The Department of Philosophy and Religion at Haigazian University organized a conference entitled “The Symbolism of Water in Religion”, which took place on Friday, the 2nd of March, 2018, from 1:30 to 4:30 p.m. in the University Auditorium. The conference, which attracted a diverse group of scholars, religious leaders, representatives of NGOs and students, explored the meaning of water in different religions and addressed the involvement of faith-based NGOs in water protection in Lebanon.
In his opening address, Haigazian University President, Rev. Dr. Paul Haidostian, considered water in religion as a symbol of life and purity. As educators, Haidostian asked to shift peoples’ mentalities and focus more on matters of quality than of quantity. “What is usually left out of the equation is the question of quality, and the needed stewardship, conscientiousness and the local and regional strategies that could to be developed, funded and implemented”, he said.
First to speak was Dr. Reine Youssef, Lecturer in Environmental Science at Haigazian University, who, in her presentation entitled “Our Water… Our Gold”, outlined some of the major challenges Lebanon faces regarding water scarcity and quality.
Three consecutive presentations shed light on the importance of water and its symbolism in religion.
Dr. Hosn Abboud, Lecturer in Literature at the American University of Beirut, spoke about “Water as a Source of Life in the Holy Quran”; she traced the meaning of water in the Holy Quran, concluding that water is considered as a sacred gift from God for many aspects of life.
Sheikh Dr. Sami Abilmona, Secretary General of the IRFAN Foundation, approached the Islamic theology of water from a Druze point of view. Abilmona emphasized the responsibility people bear for the preservation of water, describing it as “the grace of the earth, the gift from heaven and the bond between them”.
A paper entitled “Water as a Sign of Reconciliation in the Christian Faith”, analyzing the Christian perspective on Water, was read by Caleb Hutcherson, Lecturer in Historical Theology at the Arab Baptist Theological Seminary, and Wilbert van Saane, Lecturer in Religion at Haigazian University. Both speakers covered the water imagery in Christian baptism, conveying that a balanced, holistic baptismal theology is essential for good creation care.
The second part of the conference tackled the practical issues relating to Water.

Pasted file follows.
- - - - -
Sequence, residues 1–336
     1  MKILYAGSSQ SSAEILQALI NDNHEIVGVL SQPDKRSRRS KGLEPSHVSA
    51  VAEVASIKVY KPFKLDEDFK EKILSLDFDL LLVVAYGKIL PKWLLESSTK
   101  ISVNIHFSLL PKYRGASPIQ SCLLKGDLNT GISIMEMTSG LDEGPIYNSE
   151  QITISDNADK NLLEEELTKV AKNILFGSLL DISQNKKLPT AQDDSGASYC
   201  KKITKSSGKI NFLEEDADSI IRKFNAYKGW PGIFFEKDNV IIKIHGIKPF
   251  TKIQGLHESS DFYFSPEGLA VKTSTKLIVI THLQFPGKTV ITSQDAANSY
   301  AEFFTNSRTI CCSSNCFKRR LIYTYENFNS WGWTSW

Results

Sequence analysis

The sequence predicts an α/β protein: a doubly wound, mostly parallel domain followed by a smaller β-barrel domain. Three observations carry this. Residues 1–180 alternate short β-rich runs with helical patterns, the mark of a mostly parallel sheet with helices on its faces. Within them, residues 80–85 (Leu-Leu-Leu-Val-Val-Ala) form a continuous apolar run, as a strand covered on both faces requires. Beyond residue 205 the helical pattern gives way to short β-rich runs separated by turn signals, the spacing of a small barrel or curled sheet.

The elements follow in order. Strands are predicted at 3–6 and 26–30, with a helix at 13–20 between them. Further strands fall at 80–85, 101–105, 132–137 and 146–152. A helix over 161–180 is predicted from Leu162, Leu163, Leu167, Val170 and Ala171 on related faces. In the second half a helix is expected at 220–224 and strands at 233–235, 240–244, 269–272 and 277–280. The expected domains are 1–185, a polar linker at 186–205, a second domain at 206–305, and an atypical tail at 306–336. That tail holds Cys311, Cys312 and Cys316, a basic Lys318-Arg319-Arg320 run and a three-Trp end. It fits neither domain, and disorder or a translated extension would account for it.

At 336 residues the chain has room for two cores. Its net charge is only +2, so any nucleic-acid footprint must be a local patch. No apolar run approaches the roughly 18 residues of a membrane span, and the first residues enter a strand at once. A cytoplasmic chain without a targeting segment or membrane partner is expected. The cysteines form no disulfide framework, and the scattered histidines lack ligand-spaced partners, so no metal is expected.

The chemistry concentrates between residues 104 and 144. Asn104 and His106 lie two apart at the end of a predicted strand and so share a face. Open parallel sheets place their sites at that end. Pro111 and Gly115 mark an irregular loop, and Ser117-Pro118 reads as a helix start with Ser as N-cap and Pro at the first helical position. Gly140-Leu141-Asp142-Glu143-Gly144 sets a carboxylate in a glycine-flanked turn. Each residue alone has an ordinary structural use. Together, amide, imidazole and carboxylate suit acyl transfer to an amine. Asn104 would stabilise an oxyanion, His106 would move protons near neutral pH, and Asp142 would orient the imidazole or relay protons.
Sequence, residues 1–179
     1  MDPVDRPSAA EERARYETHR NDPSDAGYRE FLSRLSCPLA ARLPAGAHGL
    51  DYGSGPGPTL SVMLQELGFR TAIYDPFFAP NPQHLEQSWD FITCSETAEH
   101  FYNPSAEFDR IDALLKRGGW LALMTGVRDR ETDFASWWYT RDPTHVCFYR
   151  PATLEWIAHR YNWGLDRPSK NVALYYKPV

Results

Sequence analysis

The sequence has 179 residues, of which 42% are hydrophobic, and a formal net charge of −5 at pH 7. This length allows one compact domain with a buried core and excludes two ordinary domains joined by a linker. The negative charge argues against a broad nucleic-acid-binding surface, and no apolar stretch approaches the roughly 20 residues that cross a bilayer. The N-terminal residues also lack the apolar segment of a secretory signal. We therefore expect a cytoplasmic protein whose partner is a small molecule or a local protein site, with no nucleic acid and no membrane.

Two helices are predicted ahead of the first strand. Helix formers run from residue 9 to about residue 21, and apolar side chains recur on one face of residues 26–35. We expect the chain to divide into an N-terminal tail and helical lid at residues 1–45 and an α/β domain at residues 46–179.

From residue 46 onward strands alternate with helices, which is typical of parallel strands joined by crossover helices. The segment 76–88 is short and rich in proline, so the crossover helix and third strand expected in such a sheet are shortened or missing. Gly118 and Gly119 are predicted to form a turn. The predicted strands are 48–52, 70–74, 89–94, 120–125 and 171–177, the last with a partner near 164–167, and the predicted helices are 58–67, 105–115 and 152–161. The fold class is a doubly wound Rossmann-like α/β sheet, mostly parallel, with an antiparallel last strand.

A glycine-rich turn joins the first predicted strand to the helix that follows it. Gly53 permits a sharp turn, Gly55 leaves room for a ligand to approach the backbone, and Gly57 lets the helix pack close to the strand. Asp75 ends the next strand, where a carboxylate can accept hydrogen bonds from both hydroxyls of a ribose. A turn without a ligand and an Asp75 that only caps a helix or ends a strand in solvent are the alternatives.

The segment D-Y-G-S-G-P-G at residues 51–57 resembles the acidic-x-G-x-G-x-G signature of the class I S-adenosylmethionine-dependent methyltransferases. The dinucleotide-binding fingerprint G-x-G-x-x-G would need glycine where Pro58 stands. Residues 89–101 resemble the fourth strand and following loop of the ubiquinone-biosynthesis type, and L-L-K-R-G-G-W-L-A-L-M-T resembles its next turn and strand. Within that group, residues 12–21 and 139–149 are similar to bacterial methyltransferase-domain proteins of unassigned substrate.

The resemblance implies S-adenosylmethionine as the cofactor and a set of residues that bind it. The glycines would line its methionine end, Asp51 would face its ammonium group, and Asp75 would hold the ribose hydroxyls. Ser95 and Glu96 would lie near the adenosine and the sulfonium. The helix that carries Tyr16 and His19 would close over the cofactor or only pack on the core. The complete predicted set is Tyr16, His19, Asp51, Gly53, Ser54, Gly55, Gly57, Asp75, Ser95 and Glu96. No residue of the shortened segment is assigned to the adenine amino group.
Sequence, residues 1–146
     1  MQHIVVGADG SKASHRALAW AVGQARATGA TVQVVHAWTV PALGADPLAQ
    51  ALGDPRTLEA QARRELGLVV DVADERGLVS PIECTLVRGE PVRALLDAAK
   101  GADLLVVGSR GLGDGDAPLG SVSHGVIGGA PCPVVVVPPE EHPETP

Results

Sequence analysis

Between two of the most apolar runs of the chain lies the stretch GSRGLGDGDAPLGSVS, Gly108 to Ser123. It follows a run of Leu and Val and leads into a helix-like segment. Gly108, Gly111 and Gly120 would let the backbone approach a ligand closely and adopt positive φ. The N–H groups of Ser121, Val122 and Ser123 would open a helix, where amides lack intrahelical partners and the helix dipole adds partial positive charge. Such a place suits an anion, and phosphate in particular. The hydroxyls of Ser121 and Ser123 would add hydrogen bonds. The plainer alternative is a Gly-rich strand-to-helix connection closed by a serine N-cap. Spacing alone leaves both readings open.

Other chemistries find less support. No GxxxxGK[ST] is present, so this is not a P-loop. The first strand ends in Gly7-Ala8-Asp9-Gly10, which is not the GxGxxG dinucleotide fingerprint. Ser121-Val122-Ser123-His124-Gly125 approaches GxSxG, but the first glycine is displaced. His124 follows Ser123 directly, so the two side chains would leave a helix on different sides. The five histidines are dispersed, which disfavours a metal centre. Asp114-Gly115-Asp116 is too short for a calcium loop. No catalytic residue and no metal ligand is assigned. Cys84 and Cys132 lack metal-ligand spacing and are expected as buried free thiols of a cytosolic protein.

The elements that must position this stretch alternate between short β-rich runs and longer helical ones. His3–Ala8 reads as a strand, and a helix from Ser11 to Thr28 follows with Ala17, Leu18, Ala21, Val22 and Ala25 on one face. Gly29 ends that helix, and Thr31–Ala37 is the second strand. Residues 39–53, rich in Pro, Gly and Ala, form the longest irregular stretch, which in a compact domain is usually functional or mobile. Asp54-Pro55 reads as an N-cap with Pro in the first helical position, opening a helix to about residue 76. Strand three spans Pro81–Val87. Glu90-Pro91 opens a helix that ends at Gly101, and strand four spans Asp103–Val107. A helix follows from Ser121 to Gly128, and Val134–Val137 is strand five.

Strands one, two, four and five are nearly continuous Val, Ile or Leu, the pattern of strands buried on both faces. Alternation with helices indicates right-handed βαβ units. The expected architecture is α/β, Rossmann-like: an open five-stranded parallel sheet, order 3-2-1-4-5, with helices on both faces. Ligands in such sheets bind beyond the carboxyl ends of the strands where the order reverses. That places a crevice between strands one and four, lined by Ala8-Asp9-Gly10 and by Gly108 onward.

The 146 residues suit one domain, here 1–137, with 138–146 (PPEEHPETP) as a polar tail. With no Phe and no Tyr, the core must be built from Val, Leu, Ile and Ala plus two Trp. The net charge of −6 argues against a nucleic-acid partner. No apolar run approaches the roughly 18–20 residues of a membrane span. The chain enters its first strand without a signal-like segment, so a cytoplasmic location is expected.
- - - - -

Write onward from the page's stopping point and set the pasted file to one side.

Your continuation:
Chris Naylor, the Executive Director of A Rocha International, a Christian NGO for conservation, affirmed that creation care is a key task of the church. In his intervention titled “Water, Bringer of Life for People and Wildlife”, Naylor presented the case study of the Aammiq Wetland Conservation Project, which demonstrates what can be achieved if concerted effort is given to reversing water degradation and misuse by communities.
For his part, Björn Zimprich, who works on behalf of the Deutsche Gesellschaft für Internationale Zusammenarbeit on water efficiency in Jordan, discussed how cooperation among various Jordanian Government Ministries and religious leaders has led to increased water awareness and efficiency. Zimprich gave the example of the Friday sermons in mosques and religious education in schools and universities, where the issue of water awareness is highly advocated.
Two participants partook in a panel that addressed the most pressing issues regarding water in Lebanon and the role of faith-based NGOs in water protection. The panel was moderated by Dr. Arda Ekmekji, Dean of the Faculty of Arts and Sciences at Haigazian University.
Dr. Désirée El Azzi, Assistant Professor in Hydrology, Soil and Environment at the Holy Spirit University of Kaslik, discussed the issue of water scarcity, describing it as a pressing problem especially in view of the growing population. She went further to identify the absence of environmental resource management strategies as a second major problem, resulting in continuous infiltration of pollutants. Dr. El Azzi put significant importance on religious organizations, in being the voice of marginalized groups who have been hit hardest by the lack of clean water.
Dr. Nadim Farajalla, Director of the Climate Change and Environment Program at the Issam Fares Institute for Public Policy and International Affairs at the American University of Beirut, expressed the urgency of better managing the water sector in Lebanon, stressing on the importance of limiting water waste and improving water supply. The role of faith-based organizations lies, in his view, especially in sensitizing people and supporting government and non-government actors where possible.
An interactive session of Q&A followed, allowing the audience to participate in stimulating discussions.